>> else?
>>
>> Just putting together a talk and wanted the latest numbers.
>>
>> thanks,
>> -- Phoebe
>>
>>
>> --
>> * I use this address for lists; send personal messages to phoebe.ayers
>> <at> gmail.com *
>>
>> _______________________________________________
>> Wiki-research-l mailing list
>> [hidden email]
>> https://lists.wikimedia.org/mailman/listinfo/wiki-research-l
>
>
>
> _______________________________________________
> Wiki-research-l mailing list
> [hidden email]
> https://lists.wikimedia.org/mailman/listinfo/wiki-research-l
>



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Re: unique visitors

Leila Zia
​Hey Phoebe,​

On Thu, Mar 17, 2016 at 12:40 PM, phoebe ayers <[hidden email]> wrote:
On Thu, Mar 17, 2016 at 1:04 PM, Dan Andreescu <[hidden email]> wrote:

One of the drawbacks is that we
> can't report on a single total number across all our projects.

Hmm. That's unfortunate for understanding reach -- if nothing else,
the idea that "half a billion people access Wikipedia" (eg from
earlier comscore reports) was a PR-friendly way of giving an idea of
the scale of our readership. But I can see why it would be tricky to
measure. Since this is the research list: I suspect there's still lots
to be done in understanding just how multilingual people use different
language editions of Wikipedia, too.

​I'm not sure how ComScore estimated unique visitors/people, and whether they estimated unique users/people or unique devices. I'd like to point out that the current approach for counting uniques that Dan has referred to will tell you the unique device count, and not unique user/people count. There may be big differences in those numbers, for example, I access Wikipedia with at least two devices everyday and I know I'm not unique. ;) Erik Zachte and I have had some very early discussions about how to go from the unique device number to unique user number, but we are nowhere close to any solution. In the mean time, I suggest replacing unique users with unique devices in your communications.

Good luck with your presentation. :)

Best,
Leila​

 

Phoebe

>
> Dan
>
> On Thu, Mar 17, 2016 at 12:52 PM, phoebe ayers <[hidden email]>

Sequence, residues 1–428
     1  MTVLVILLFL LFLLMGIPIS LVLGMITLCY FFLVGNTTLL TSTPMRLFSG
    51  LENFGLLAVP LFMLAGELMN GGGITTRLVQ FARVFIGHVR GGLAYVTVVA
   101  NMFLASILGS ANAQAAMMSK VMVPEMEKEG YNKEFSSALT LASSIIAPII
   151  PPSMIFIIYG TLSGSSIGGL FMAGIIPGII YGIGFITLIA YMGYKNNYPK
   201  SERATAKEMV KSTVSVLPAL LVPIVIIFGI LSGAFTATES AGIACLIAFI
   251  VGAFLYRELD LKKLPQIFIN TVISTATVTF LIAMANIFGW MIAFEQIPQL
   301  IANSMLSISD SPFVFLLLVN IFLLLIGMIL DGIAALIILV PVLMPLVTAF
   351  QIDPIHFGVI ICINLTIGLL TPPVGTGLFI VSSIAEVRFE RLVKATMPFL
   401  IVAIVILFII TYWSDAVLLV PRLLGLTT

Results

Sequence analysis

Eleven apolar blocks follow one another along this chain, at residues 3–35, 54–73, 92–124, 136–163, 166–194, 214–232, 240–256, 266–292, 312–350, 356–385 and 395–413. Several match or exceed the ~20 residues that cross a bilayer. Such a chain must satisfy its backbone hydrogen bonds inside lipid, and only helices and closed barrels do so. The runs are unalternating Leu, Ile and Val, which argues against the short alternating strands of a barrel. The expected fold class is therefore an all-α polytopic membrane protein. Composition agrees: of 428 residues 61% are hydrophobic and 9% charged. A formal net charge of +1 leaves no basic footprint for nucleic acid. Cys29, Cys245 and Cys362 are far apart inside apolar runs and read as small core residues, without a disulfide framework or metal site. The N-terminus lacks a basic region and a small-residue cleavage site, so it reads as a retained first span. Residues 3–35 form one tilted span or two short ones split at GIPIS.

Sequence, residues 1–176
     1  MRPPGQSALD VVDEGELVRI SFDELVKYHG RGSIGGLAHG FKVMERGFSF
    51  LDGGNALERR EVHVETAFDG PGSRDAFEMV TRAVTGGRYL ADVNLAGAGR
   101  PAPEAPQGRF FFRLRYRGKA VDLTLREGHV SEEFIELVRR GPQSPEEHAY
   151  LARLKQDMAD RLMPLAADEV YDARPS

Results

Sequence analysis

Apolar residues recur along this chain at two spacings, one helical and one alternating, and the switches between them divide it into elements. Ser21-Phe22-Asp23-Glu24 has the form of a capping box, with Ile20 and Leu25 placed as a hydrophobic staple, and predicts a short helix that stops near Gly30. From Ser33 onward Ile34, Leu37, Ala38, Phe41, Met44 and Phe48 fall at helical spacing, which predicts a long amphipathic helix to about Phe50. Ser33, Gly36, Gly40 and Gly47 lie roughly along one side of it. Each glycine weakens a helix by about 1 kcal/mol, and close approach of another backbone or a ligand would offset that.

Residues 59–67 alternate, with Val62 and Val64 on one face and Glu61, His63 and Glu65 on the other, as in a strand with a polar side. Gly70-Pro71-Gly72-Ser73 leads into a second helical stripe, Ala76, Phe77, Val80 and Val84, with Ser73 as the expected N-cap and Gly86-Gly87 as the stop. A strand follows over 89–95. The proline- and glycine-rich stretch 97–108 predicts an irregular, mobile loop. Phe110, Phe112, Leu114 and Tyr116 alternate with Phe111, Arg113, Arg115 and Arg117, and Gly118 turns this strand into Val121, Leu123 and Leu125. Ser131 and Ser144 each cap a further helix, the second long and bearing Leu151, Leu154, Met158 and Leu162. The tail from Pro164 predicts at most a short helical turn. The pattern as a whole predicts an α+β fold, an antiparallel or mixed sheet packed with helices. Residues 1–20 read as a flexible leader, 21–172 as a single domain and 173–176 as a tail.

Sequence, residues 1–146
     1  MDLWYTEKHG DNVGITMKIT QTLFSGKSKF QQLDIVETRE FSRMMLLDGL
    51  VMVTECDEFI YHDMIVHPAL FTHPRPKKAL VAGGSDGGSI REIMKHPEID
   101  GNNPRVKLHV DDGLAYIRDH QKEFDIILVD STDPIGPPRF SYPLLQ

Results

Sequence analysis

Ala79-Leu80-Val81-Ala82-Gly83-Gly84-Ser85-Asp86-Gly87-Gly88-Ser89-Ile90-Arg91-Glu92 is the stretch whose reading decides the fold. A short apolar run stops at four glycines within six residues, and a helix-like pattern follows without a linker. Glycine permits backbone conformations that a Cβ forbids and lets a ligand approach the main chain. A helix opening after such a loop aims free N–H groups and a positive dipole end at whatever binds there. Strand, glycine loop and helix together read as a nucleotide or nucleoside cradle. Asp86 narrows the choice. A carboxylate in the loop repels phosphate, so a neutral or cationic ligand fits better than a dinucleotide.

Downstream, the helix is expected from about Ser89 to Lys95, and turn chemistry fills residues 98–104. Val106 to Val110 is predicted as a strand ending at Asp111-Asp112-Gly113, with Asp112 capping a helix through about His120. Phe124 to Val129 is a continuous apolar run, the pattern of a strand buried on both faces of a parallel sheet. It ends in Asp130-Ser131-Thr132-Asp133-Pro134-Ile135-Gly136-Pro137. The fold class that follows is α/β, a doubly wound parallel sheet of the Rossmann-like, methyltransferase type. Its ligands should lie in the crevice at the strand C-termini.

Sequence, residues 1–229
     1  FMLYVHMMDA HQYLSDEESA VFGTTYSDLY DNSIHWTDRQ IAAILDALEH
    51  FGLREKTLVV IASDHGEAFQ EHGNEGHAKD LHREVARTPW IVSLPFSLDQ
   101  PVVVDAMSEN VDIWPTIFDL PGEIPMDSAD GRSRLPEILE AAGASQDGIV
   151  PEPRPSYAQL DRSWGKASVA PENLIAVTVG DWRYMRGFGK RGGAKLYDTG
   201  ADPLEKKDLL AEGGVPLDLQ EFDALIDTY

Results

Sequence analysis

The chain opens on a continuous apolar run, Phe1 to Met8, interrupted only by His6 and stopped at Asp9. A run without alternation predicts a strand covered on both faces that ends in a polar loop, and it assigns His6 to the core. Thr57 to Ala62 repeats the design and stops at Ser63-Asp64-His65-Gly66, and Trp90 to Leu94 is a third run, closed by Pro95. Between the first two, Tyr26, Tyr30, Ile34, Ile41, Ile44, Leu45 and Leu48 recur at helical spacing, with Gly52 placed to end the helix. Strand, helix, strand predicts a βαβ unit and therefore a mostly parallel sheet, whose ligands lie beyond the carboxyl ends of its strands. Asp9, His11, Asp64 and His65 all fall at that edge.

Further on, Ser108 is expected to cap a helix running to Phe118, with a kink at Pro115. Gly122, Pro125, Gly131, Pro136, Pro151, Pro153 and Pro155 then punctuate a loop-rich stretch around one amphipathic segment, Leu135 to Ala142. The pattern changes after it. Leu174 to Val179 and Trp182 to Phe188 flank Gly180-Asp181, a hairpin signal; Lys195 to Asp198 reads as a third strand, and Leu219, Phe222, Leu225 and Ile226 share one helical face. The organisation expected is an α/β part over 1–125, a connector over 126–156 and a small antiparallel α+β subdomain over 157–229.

> wrote:
>>
>> Hi all,
>>
>> Can someone help me with my failing memory and remind me what the
>> current state of affairs is re: unique visitors -- we're not counting
>> them anymore? We are counting them but not via comscore? Something
>> else?
>>
>> Just putting together a talk and wanted the latest numbers.
>>
>> thanks,
>> -- Phoebe
>>
>>
>> --
>> * I use this address for lists; send personal messages to phoebe.ayers
>> <at> gmail.com *
>>
>> _______________________________________________
>> Wiki-research-l mailing list
>> [hidden email]
>> https://lists.wikimedia.org/mailman/listinfo/wiki-research-l
>
>
>
> _______________________________________________
> Wiki-research-l mailing list
> [hidden email]
> https://lists.wikimedia.org/mailman/listinfo/wiki-research-l
>



--
* I use this address for lists; send personal messages to phoebe.ayers
<at> gmail.com *

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Re: unique visitors

Andrew Gray-3
In reply to this post by phoebe ayers-3
On 17 March 2016 at 19:40, phoebe ayers <[hidden email]> wrote:

>> One of the drawbacks is that we
>> can't report on a single total number across all our projects.
>
> Hmm. That's unfortunate for understanding reach -- if nothing else,
> the idea that "half a billion people access Wikipedia" (eg from
> earlier comscore reports) was a PR-friendly way of giving an idea of
> the scale of our readership. But I can see why it would be tricky to
> measure. Since this is the research list: I suspect there's still lots
> to be done in understanding just how multilingual people use different
> language editions of Wikipedia, too.

Building on this question a little: with the information we currently
have, is it actively *wrong* for us to keep using the "half a billion"
figure as a very rough first-order estimate? (Like Phoebe, I think I